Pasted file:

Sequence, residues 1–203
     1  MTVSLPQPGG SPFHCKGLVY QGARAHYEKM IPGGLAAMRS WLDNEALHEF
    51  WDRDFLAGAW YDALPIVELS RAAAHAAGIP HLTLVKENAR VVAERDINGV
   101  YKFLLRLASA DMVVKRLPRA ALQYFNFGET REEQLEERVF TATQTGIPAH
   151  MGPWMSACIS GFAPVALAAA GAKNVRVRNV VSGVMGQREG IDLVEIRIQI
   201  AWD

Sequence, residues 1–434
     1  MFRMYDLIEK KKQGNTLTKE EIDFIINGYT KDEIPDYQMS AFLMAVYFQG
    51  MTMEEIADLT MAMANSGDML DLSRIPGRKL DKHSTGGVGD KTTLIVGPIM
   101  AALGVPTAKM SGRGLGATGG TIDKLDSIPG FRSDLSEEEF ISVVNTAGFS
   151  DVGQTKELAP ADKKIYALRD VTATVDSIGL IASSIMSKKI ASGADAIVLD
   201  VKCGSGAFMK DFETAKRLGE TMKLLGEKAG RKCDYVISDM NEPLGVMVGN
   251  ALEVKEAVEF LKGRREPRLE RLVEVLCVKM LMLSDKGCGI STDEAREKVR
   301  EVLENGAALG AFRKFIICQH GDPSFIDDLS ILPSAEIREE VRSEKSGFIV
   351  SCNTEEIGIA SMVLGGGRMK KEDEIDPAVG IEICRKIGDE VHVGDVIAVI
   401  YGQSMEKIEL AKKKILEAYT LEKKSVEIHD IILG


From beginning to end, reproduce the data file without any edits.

Sequence, residues 1–203
     1  MTVSLPQPGG SPFHCKGLVY QGARAHYEKM IPGGLAAMRS WLDNEALHEF
    51  WDRDFLAGAW YDALPIVELS RAAAHAAGIP HLTLVKENAR VVAERDINGV
   101  YKFLLRLASA DMVVKRLPRA ALQYFNFGET REEQLEERVF TATQTGIPAH
   151  MGPWMSACIS GFAPVALAAA GAKNVRVRNV VSGVMGQREG IDLVEIRIQI
   201  AWD

Sequence, residues 1–434
     1  MFRMYDLIEK KKQGNTLTKE EIDFIINGYT KDEIPDYQMS AFLMAVYFQG
    51  MTMEEIADLT MAMANSGDML DLSRIPGRKL DKHSTGGVGD KTTLIVGPIM
   101  AALGVPTAKM SGRGLGATGG TIDKLDSIPG FRSDLSEEEF ISVVNTAGFS
   151  DVGQTKELAP ADKKIYALRD VTATVDSIGL IASSIMSKKI ASGADAIVLD
   201  VKCGSGAFMK DFETAKRLGE TMKLLGEKAG RKCDYVISDM NEPLGVMVGN
   251  ALEVKEAVEF LKGRREPRLE RLVEVLCVKM LMLSDKGCGI STDEAREKVR
   301  EVLENGAALG AFRKFIICQH GDPSFIDDLS ILPSAEIREE VRSEKSGFIV
   351  SCNTEEIGIA SMVLGGGRMK KEDEIDPAVG IEICRKIGDE VHVGDVIAVI
   401  YGQSMEKIEL AKKKILEAYT LEKKSVEIHD IILG